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J’accuse - 2008 - "Abandone Del Tempo E Delte Forme"

(53:11, Mellow Records)



1.  Introduzione 2:51
2.  Il Tempo Muta le Forme 10:33
3.  Sul Bordo dell’Abisso 12:35
4.  L’Angelo 6:39
5.  Cercando Un Punto Lontano 6:55
6.  Ricore l’Abbandono 13:36


Sasha Colautti – ?
Donald Paljuh – ?
Raffaele Tenagia – ?
Michele Scherlich – ?

Prolusion. “Abandone Del Tempo E Delte Forme” by Italy’s J’ACCUSE is yet another debut outing to be examined in this series of reviews. Please don’t blame me for putting questions after the musicians’ names in the lineup above. At least at the moment, it is impossible to learn which instrument(s) each of them plays. There is no corresponding information in the CD booklet or its press kit, either; the band’s website is under construction, and even an Internet search doesn’t produce any results.

Analysis. Now that I’m already familiar with the album I can shed some light on the matter. I believe the quartet consists of a drummer, bassist and two guitarists, one of whom sings in addition, while another deploys a guitar synth (from to time). J’accuse seems to be a group of like-minded persons who are fond of probably anything that relates to Space Rock. The seven tracks presented all reveal a few different manifestations of the genre, but – bearing in mind its belonging to what we comprehend as Progressive Rock – none fully meets its requirements, unless we take them as proto-progressive creations. I won’t list all of them, since save that on the short opening cut Introduzione (the only instrumental here, it’s compiled of two dissimilar, yet still typically ‘spacey’ sketches), the music is quite uniform throughout the album in terms of both composition and arrangement and is a mishmash of Space Metal and, say, merely hard as well as completely quiet Space Rock with occasional space fusion-evoking moves. Within the sections with hard-and-dense arrangements and those with reflective ones, the music reminds me of at once a heavily modified and simplified take on Voivod (with hints of Hawkwind in places) and Pink Floyd, respectively. The rhythm guitarist deploys the intense, yet at the same time fairly straight riffing that might suggest Grunge rather than what I personally define as Battle Space Metal – the style the Canadian band pioneered in the mid-‘80s. To be more precise, he sounds like a hard-rock/metal axeman who loves Voivod-ian riffs, but is unable to reproduce them, well, in all their glory. The guitar solos as such are never fast, let alone pretentious, only appearing when the basic theme is smooth, slow-paced and plain all alike. The vocals (in Italian) are overall fine in themselves, but since they’re delivered for the most part in the band’s native art-rock traditions, they sometimes appear as being too laidback from the main musical events. All in all, I’m fully satisfied only with the battery commander – the sole musician in the band who seems to be always solicitous about the diversity of what they do, though anyhow already somewhere halfway in it the recording begins sounding pretty much the same.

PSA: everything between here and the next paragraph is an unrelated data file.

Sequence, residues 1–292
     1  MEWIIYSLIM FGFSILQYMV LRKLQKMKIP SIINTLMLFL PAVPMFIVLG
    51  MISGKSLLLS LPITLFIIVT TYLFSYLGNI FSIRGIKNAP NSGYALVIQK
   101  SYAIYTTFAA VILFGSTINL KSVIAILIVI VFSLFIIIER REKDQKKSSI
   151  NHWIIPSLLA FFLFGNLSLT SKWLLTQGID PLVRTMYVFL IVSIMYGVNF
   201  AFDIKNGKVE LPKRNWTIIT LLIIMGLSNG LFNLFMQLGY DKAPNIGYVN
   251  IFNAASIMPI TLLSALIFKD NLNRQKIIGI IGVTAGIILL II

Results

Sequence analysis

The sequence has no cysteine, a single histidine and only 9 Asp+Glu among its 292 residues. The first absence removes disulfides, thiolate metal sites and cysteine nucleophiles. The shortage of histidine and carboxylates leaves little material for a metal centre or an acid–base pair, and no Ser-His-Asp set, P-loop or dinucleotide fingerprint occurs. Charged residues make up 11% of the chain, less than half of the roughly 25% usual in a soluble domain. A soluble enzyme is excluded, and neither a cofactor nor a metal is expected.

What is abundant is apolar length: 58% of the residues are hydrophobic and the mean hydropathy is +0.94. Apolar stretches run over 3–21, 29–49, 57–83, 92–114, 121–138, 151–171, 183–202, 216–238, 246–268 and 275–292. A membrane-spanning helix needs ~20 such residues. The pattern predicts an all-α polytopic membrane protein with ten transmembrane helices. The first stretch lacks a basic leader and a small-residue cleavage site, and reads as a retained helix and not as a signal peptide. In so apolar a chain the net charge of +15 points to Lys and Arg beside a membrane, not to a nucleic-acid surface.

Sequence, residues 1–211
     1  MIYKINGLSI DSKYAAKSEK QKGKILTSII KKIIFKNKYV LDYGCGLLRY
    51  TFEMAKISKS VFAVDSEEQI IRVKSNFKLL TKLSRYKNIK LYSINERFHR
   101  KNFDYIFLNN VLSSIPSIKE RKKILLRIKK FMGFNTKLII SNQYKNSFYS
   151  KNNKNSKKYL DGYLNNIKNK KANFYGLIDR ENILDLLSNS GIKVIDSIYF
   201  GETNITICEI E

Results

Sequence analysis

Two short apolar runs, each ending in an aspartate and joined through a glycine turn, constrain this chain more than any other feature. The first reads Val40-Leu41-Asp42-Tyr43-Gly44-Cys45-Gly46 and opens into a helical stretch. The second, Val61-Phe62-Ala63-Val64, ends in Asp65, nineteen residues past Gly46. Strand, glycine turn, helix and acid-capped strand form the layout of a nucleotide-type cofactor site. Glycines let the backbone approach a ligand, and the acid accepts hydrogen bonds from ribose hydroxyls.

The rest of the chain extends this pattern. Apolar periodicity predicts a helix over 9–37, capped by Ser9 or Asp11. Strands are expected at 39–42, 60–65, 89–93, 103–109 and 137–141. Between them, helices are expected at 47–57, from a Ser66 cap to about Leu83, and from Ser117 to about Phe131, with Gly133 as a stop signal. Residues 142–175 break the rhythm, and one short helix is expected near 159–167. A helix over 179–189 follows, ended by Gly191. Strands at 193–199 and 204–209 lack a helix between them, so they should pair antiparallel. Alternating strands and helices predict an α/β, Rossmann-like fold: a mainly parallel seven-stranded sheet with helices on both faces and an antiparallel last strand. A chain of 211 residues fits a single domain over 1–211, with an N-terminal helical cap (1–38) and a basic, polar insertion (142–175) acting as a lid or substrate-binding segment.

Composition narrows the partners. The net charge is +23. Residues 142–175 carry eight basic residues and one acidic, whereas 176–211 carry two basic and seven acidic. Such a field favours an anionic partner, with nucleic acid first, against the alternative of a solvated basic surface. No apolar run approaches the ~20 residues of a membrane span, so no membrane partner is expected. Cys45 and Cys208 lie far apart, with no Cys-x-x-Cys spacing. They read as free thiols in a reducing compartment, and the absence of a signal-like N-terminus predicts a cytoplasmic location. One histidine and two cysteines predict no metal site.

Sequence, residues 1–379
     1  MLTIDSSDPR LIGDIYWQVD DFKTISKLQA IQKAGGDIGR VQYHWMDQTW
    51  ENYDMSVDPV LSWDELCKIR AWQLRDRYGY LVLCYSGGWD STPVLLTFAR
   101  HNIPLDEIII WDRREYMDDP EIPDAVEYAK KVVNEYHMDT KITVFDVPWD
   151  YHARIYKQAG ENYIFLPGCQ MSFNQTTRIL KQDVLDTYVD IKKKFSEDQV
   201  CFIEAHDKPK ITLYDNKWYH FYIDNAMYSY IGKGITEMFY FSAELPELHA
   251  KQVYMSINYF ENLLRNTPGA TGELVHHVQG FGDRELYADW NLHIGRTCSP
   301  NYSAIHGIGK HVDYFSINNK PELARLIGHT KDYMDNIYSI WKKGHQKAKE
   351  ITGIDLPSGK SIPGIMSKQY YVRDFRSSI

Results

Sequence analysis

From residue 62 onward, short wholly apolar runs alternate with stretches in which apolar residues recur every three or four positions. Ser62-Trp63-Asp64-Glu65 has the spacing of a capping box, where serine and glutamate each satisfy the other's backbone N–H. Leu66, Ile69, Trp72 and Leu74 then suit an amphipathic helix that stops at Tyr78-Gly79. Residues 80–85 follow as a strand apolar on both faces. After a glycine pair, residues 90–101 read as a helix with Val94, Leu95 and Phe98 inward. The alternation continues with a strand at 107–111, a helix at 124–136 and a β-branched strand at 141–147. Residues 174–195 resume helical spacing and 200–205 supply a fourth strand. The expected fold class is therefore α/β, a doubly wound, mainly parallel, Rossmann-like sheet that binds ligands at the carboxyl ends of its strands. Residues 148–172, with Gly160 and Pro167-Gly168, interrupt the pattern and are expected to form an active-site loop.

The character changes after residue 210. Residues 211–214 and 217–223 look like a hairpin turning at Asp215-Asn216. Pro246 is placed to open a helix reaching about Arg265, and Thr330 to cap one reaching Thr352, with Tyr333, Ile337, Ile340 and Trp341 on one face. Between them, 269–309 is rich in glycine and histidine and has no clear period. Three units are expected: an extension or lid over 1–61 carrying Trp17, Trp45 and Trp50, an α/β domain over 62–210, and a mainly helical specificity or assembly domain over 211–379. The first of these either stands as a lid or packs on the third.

Conclusion. I can’t rate this output lower than I did, as those behind it aren’t amateurs and are talented in their own way, possessing something that makes their music sound fairly specific even in its current appearance. When working on their first recording they simply should have been doing what is within their reach as songwriters and players alike, instead of having tried to enter the territory that only the giants of the genre have access to. You have your own special way, lads: just follow it in the future.

VM=Vitaly Menshikov: May 8, 2009
The Rating Room

Related Links:

Mellow Records


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